This trader is not afraid of the market. He is concerned with his ability to trust himself. Instead of thinking in terms of "right" and "wrong," he can describe the results of his trades as productive or unproductive, profitable or unprofitable, or cooperative or uncooperative. This depersonalizes the trade results and keeps them in the proper perspective.
As a trader, what fears have you created? We create our fear by using past experiences or anticipating and imagining what the future will hold. We do not control the past or the future. We do control our reaction to the present moment. If we spend our time thinking about what has happened or what may happen, we are not in the present moment and we are not exercising our control over our reaction to the current situation. The result is that our fears become our reality, and this reinforces our fear belief system.

Overcoming fear is self-empowering, and it builds confidence to deal with future challenges. Remember, the only limitations you have are the limitations you impose on yourself.
Samurai warriors were without a doubt some of the fiercest fighters who ever existed. The key to the samurai’s incredible fighting ability was the complete elimination of their fear of death and their complete focus on being in the present moment. They did this by entirely de-energizing their fear of death. If a person in a fighting situation is distracted by thoughts of being hurt or dying, he will be the loser. Samurai warriors were unencumbered by these fears and were courageous in the face of the unknown. In short, they were empowered by a lack of fear, and this allowed them to completely focus, react and stay in the present moment. They fought without hesitation and with complete confidence. This is exactly the mindset of the successful trader.

OK, so you’re not ever going to be a Samurai warrior, but there are still ways to deal with fear and eliminate it from your trading experience.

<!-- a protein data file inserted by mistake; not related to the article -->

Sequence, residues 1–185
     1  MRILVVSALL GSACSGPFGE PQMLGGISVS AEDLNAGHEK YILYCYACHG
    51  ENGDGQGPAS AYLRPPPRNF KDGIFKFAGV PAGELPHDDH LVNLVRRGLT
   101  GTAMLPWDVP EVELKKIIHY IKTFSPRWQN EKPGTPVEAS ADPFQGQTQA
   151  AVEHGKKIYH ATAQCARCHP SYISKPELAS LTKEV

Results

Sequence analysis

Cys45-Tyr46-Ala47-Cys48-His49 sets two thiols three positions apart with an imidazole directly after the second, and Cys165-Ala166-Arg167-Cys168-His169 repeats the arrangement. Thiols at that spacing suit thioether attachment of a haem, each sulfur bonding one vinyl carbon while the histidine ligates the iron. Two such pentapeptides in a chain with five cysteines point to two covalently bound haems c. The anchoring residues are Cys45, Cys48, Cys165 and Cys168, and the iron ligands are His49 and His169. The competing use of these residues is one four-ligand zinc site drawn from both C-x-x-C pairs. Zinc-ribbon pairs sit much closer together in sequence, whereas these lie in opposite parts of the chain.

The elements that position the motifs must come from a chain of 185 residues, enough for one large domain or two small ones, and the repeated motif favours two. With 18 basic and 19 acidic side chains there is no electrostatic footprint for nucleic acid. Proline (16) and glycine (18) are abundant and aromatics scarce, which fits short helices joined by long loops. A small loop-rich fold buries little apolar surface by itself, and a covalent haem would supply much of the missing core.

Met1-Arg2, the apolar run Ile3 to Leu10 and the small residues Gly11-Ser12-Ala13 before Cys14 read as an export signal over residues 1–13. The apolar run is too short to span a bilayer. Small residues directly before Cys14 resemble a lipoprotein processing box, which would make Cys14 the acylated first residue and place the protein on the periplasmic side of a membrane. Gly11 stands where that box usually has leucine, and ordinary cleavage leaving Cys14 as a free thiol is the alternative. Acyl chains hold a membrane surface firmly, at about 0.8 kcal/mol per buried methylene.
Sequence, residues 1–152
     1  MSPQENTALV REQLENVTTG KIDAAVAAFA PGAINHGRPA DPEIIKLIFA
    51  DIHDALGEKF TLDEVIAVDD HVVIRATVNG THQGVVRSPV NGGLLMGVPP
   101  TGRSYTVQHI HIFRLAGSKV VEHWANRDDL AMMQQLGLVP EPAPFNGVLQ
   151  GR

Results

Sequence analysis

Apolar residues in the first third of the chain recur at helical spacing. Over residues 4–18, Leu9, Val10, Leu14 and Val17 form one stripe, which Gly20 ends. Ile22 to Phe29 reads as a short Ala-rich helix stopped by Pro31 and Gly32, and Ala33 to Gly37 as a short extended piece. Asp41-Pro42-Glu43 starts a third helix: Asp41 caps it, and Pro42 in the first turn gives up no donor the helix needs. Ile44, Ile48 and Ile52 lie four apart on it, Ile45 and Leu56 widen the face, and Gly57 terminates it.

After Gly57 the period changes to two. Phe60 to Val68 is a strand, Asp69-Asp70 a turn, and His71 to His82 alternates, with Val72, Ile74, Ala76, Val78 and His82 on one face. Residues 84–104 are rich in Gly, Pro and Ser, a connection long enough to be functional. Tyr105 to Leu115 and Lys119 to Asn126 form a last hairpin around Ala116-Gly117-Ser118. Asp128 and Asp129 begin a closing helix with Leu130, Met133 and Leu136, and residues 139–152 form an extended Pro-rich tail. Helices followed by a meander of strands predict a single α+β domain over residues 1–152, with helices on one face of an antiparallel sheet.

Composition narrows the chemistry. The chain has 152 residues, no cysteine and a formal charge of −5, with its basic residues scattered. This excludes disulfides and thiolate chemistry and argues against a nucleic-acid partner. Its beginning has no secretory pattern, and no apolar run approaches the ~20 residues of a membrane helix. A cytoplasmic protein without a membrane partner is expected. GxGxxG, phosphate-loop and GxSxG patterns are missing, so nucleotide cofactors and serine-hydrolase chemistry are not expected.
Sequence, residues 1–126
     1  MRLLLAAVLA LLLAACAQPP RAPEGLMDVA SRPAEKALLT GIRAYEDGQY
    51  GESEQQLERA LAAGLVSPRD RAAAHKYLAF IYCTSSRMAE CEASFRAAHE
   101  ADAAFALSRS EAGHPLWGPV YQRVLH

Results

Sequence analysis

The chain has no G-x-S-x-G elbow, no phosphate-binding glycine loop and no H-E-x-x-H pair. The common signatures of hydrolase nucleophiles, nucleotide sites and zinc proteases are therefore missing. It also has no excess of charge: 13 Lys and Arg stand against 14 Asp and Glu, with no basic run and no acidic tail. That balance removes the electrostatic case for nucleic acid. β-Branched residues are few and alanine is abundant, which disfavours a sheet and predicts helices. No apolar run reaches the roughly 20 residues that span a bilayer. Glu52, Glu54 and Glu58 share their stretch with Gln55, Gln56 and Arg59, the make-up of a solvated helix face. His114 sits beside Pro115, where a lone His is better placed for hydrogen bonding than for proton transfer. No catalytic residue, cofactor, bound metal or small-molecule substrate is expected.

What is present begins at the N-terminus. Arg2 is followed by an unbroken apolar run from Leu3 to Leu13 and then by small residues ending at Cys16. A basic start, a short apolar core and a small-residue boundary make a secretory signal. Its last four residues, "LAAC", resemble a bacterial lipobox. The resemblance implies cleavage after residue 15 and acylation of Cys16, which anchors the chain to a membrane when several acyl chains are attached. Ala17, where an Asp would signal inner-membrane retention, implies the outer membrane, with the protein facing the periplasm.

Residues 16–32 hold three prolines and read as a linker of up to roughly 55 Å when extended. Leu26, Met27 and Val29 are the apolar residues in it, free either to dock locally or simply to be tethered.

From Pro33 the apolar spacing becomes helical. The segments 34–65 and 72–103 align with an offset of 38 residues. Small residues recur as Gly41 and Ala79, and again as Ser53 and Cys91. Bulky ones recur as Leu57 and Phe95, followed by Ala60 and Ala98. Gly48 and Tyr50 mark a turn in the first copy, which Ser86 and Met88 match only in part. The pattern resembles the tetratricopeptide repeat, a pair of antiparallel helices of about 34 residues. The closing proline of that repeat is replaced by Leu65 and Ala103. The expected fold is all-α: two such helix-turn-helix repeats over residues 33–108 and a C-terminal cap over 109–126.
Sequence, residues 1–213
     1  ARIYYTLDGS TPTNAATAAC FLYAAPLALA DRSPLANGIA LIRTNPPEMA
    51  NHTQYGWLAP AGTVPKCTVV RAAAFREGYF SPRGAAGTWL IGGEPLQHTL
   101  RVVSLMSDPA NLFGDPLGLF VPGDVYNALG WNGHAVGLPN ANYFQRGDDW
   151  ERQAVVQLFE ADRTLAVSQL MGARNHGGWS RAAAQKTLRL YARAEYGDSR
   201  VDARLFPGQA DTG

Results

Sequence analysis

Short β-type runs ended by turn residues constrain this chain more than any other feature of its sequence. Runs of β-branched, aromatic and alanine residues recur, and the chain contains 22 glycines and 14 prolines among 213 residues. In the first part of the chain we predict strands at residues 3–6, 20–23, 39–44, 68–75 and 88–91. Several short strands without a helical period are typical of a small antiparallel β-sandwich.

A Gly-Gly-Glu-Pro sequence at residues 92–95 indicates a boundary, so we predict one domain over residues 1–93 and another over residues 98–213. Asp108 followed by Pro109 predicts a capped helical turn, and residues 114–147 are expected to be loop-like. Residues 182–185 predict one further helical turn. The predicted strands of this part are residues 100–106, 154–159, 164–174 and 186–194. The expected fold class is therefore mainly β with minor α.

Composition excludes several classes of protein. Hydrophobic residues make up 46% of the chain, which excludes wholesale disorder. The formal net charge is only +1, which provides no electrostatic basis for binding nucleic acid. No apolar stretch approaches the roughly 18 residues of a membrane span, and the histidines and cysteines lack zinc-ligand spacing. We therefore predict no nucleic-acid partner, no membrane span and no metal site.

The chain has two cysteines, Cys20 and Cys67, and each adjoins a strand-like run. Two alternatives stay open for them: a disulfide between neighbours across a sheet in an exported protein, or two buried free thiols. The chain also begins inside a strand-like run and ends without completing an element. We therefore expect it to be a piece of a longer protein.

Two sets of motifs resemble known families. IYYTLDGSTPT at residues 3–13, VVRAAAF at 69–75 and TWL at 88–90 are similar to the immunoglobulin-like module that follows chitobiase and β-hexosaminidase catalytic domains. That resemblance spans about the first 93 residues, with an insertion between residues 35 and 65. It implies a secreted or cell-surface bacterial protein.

Face Your Fears
The first step in controlling fear is to face it. If you are not willing to face your fear, then fear, not you, will control your life. When you are afraid, use deep-centered breathing, acknowledge the fear, and face it head-on. Tell yourself, “I am stronger than my fear, I control my fear, and I can overcome my fear.”

You will become more comfortable in the presence of a fear by decreasing your sensitivity to it. As you repeatedly face your fear, you will realize that your energy in the fear will decrease.

Courage is moving ahead even though you’re afraid. There is a wonderful true story of Ishi, the last living member of a Native American tribe. Ishi and his tribe believed trains were monsters that ate people. One day, Ishi found himself in the position of having to take a journey by train. When he boarded the train, he was asked by a person who understood the beliefs of his tribe how he could even step onto the train. Ishi responded, “Since I was little, I was taught to always be more curious than afraid.” Use fear as an opportunity to learn and progress.

Acceptance of Responsibility
A critical element in dealing with fear is to accept that you alone are responsible for the creation and intensity of your fear. You must realize that you are responsible for your thought choices and the amount of energy you feed them. This recognition alone can put fear in perspective, diminish the energy in the fear and prepare you for the acceptance of new thought choices.

Accepting responsibility for your thought choices puts you in control of your fear not the other way around.

Identify the Thought Choice